We were hoping to be able to do some pruning of the apple trees in the Orchard on 21st February, but this will now be done in March when experts are available.

Please join us on 21st February for as little or long as you can – we’ll meet at the Wildlife Area at 10:00 and depending on how many people there are, all move on, or have a group move around OP working on the hedges. Please phone 07902 454367 to find us.

Draft Activity Plan for 2016

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A little later than planned, here is the Draft Activity Plan for Orchard Park Wildlife Project for 2016. We have set dates and some times for activities coming up in the next few months. All activities are based on the recommendations in the Orchard Park Habitats Management Plan written for us by the Wildlife Trust for Cambridgeshire, Bedfordshire and Northamptonshire. There is scope to add or change activities, and we hope to build on the helpful collaborations leading to enjoyable events this last year or two. All activities are subject to appropriate approval and sourcing appropriate expertise and equipment. Times and dates may be subject to change, so, please keep an eye on the Orchard Park Wildlife and other Facebook groups, as well as here on the blog and Twitter where final details will be confirmed closer to the date.

We hope there is something for everyone. You’re always welcome to join us for a little or long as you are able whilst we try to help the wildlife on our doorstep from the bees, butterflies and moths, to the hedgehogs, herps and bats.

There are also many national wildlife campaigns taking place again this year:

National campaigns

to name but a few…. We’ll let you know as new dates are released so that you have the information you need to contribute to local and national wildlife conservation efforts through citizen science.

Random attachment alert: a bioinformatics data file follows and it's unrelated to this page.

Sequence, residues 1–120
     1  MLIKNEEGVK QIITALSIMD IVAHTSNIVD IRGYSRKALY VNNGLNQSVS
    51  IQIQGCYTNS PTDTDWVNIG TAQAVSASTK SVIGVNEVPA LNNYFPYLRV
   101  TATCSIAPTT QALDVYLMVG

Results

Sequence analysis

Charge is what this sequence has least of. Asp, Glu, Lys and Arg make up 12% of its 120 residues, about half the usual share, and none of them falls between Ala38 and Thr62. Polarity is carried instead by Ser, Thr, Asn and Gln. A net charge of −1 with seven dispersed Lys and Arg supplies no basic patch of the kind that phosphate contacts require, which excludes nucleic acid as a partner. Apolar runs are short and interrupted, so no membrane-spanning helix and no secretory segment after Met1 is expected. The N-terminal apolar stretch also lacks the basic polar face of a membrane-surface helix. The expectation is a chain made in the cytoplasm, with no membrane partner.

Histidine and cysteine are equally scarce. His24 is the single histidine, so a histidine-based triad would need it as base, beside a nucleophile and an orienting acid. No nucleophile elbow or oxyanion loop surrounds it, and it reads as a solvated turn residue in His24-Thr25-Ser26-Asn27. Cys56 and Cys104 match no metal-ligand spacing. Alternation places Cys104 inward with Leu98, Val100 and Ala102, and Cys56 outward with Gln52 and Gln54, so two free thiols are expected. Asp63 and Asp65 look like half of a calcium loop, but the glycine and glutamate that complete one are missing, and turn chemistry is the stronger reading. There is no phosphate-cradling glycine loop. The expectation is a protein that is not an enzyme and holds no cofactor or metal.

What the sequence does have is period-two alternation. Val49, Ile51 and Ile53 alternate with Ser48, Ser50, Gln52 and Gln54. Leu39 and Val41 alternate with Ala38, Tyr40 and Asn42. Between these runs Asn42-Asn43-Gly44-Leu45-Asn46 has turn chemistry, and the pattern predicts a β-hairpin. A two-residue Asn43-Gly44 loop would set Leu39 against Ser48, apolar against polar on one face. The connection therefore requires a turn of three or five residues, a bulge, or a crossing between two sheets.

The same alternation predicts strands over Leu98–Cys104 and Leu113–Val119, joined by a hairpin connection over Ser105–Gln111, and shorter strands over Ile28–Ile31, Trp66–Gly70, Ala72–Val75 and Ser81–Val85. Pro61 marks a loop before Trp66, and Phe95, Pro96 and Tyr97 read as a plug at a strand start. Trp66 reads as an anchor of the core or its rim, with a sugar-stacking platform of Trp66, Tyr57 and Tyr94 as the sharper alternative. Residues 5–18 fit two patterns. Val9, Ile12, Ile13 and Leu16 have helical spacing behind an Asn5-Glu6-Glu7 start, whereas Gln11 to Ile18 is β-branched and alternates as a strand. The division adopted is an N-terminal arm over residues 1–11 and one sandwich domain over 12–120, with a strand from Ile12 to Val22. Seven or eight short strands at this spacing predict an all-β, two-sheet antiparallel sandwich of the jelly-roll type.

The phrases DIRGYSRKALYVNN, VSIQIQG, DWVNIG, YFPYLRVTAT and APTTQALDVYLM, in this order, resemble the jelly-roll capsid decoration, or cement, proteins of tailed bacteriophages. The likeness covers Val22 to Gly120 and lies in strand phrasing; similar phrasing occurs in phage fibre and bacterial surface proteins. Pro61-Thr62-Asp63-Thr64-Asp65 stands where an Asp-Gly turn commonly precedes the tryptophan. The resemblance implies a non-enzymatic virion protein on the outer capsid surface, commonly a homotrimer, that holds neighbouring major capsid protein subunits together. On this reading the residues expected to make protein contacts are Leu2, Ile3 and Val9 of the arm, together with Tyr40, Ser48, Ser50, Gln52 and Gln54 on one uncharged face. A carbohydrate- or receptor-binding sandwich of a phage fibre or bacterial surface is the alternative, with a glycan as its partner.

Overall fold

If there is an activity that you’d like to do but don’t see, then please get in touch, we’d like to hear from you.

Looking forward to doing our bit again for the wildlife of Orchard Park 🙂

 

Wild About Gardens Week – focussing on Hedgehogs

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Gardening for wildlife!

This year’s Wild About Gardens week will run from 26 October – 1 November 2015 and will focus on gardening for hedgehogs. These amazing little creatures could be extinct in the UK if we don’t help – there are thought to be fewer than 1 million hedgehogs in the UK today, and they’ve declined by 30% in just ten years. Our gardens in Orchard Park are great for hedgehogs as many don’t have solid garden fences which block their access – instead our connected gardens can form ‘hedgehog highways’. We can feed hedgehogs, provide a home, and reduce potential dangers to them. If we work together as a community, we can help hedgehogs, and other wildlife in our neighbourhood.

For detailed guidance and fun activities see: Hedgehog Booklet and Wild About Gardens

Lush are very kindly holding another Charity Pot Party fundraiser for Orchard Park Wildlife Project – we will be in the Cambridge store on Saturday 31st October between 12-4pm – we’ll be sharing Wild About Gardens Week’s wildlife advice and asking people to pledge to do something wild in their garden. Come and say hello to us and the lovely folks at Lush 🙂